“It’s also a great opportunity to make cranberry or banana breads that are made with simple ingredients and are delicious and moist,” adds Freeman. Some store-bought cakes may also work because they are “accidentally plant-based,” meaning they contain no milk, butter, or cream. So check the ingredients list, he advises.

What cardiologists don’t eat on Thanksgiving:

Turkey skin

An animal’s skin is typically very high in fat and calories, says Freeman. “I would never recommend turkey skin in general,” he notes.

Heffron also recommends removing the skin and focusing on the white meat briskets, which contain less fat.


All cardiologists say they would avoid butter because it contains so many animal fats and cholesterol. They encourage people to look for ways to reduce or eliminate them in recipes.

“Butter is probably the worst thing people can eat,” warns Eisenberg.

“Butter is used in excess in many situations where you often don’t need as much to maintain the high-quality flavor of the meal,” adds Cheng.

Heffron says he modified his grandmother’s stuffing recipe to no longer contain butter, and it doesn’t taste much different.


Traditional gravy just contains added fats and calories, Heffron notes. A little olive oil might be better, along with a few nuts sprinkled over the food to give it some texture, he adds.

“You can make a delicious sauce from mushrooms and flour. “But when you start adding cream, milk, butter and eggs…then the calories, saturated fat and cholesterol get really high,” warns Freeman. “These are things that can potentially lead to atherosclerosis later on.”

Foods that are too salty

People with high blood pressure, heart or kidney disease need to watch their salt intake, says Eisenberg.

Unfortunately, the typical Thanksgiving feast is full of salt, even plain turkey meat. Most store-bought turkeys are brined for days, meaning they’re soaked in salt water to make them juicier — some are even injected with brine for the same reason, Freeman points out.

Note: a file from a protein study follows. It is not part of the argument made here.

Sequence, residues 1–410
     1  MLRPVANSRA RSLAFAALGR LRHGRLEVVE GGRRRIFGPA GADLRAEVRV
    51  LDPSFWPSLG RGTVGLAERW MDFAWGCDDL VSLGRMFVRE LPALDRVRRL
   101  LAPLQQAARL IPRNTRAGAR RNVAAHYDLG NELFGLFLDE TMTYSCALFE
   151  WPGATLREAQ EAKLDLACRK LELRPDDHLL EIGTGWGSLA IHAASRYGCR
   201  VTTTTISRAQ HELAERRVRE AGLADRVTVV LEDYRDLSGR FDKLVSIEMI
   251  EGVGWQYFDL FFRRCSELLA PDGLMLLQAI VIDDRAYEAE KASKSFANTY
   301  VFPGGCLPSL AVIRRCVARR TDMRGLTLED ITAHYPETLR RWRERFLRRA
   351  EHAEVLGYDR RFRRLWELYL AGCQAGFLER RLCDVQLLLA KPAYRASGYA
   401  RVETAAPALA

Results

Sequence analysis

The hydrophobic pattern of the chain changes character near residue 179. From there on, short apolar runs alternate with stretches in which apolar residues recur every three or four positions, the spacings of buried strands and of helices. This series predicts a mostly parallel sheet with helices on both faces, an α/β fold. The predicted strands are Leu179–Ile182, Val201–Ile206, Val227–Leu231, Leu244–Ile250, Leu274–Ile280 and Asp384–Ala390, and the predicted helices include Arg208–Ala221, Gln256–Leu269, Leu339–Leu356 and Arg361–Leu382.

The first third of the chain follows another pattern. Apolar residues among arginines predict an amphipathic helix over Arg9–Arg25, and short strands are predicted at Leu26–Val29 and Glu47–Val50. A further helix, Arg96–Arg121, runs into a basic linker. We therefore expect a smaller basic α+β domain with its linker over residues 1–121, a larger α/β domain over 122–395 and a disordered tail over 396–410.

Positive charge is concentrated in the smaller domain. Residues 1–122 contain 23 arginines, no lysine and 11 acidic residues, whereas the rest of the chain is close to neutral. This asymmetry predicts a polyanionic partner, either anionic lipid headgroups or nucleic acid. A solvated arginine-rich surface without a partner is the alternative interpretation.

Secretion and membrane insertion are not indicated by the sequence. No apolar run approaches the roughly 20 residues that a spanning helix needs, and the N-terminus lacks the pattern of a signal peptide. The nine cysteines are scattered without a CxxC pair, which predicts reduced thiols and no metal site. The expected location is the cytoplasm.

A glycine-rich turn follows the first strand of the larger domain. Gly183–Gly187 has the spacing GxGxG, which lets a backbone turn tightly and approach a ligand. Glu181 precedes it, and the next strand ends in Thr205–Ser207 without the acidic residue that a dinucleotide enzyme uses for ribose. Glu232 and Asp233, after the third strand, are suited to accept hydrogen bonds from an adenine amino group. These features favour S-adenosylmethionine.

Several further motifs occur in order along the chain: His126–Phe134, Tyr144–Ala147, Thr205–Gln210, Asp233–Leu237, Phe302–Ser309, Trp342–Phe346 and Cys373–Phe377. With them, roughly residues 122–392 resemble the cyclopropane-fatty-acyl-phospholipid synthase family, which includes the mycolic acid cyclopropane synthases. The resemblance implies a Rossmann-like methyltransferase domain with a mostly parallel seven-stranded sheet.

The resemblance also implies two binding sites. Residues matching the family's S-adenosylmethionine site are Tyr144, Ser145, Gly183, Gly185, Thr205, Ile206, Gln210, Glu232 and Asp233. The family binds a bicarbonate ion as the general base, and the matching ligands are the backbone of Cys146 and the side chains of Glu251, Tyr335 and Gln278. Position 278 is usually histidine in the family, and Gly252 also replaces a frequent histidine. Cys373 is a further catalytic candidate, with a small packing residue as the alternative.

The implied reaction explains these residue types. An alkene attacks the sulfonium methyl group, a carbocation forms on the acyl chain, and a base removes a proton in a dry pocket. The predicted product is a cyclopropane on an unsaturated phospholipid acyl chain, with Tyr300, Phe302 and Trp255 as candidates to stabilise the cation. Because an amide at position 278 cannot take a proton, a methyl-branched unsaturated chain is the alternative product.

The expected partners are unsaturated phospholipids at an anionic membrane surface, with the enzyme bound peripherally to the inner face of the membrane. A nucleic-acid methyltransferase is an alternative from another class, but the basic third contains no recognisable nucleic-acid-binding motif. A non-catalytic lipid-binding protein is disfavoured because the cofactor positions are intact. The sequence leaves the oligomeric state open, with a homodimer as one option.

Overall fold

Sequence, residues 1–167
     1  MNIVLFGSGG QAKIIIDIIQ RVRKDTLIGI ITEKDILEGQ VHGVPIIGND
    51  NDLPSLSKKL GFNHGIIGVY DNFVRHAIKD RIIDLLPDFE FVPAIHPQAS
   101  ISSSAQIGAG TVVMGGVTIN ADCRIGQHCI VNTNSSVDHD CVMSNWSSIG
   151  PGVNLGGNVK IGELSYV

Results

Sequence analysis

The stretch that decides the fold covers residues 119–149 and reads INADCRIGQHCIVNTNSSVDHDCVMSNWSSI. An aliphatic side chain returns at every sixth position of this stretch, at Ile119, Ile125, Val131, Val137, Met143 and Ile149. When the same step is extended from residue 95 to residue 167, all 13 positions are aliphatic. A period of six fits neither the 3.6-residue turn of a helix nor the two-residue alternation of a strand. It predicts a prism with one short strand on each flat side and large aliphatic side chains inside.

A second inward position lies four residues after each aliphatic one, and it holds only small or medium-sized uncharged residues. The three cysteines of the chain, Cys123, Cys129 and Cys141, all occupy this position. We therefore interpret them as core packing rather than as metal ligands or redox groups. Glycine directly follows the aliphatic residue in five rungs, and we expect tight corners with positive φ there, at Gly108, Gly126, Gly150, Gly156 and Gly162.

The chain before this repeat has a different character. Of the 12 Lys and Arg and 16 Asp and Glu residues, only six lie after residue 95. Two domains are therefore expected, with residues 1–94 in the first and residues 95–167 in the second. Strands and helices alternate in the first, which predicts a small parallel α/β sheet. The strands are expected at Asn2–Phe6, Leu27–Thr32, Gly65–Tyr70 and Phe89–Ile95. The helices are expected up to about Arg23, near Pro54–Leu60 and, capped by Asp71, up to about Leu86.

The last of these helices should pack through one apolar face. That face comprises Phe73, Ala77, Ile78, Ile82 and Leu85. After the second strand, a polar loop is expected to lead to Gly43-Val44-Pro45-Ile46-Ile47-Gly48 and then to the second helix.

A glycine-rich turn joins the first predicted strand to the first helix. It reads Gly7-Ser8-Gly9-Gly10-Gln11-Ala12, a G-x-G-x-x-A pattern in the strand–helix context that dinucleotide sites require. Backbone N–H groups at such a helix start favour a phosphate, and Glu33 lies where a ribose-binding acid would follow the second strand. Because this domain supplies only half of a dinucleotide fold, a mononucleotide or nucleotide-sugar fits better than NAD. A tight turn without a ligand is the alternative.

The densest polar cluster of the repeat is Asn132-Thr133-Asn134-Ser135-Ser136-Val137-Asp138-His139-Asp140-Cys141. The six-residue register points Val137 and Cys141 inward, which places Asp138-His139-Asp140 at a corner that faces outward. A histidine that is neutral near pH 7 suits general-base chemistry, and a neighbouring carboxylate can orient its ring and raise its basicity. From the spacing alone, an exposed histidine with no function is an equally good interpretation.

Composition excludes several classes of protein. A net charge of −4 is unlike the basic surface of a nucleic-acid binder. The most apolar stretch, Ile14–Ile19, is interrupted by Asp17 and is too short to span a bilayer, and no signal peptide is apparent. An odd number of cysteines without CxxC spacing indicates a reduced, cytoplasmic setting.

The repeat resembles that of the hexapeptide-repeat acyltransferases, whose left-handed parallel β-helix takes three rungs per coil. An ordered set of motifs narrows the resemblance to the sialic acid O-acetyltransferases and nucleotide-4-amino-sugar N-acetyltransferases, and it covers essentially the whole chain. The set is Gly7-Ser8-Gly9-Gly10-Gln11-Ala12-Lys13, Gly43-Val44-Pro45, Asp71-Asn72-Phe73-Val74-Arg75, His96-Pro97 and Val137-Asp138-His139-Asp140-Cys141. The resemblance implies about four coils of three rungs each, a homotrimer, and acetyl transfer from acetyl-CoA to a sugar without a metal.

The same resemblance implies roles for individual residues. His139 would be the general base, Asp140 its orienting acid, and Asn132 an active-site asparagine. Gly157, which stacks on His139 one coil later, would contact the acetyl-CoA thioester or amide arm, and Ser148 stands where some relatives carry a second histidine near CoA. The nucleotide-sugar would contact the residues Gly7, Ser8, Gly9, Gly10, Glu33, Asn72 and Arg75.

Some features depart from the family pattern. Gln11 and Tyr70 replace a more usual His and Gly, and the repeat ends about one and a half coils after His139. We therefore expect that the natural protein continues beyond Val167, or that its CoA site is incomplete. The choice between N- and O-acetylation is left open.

Americans already eat more salt than recommended every day, but on Thanksgiving it may be several times the amount they should eat in a day, he adds.

When making things from scratch, add salt at the very end of the cooking process, which often results in less salt being added overall, advises Cheng. Skip the “fancy” coarse salt, which provides a much larger amount of salt for the flavor you get, she adds.

Alcohol or holiday drinks in excess

Doctors say maybe just try a little wine or avoid alcohol altogether. One or two drinks is generally fine, but don’t overdo it, warns Eisenberg.

“You have to be careful because alcohol can increase blood pressure; It can also lead to cardiac arrhythmias,” he notes.

Traditional eggnog is high in calories, fat, and added sugar, so it’s best to limit this holiday drink, says Freeman.

Heart-Healthy Thanksgiving Tips:

Here’s more advice from cardiologists on caring for your heart this holiday:

  • Eat breakfast and lunch on Thanksgiving Day so you don’t come to dinner extremely hungry.
  • Eat as healthily as possible in the days before and after your vacation.
  • Be active: If possible, go for a walk before and after dinner. Play football with your family. Go skiing when it snows.
  • Enjoy being with friends and family. “Social contacts are incredibly important,” says Cheng. “Psychosocial positivity is good for the heart in ways we don’t fully understand.”